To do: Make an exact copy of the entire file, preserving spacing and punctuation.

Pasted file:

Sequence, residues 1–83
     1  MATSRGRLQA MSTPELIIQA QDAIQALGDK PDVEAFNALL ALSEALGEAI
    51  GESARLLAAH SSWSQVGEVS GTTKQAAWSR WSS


Sequence, residues 1–83
     1  MATSRGRLQA MSTPELIIQA QDAIQALGDK PDVEAFNALL ALSEALGEAI
    51  GESARLLAAH SSWSQVGEVS GTTKQAAWSR WSS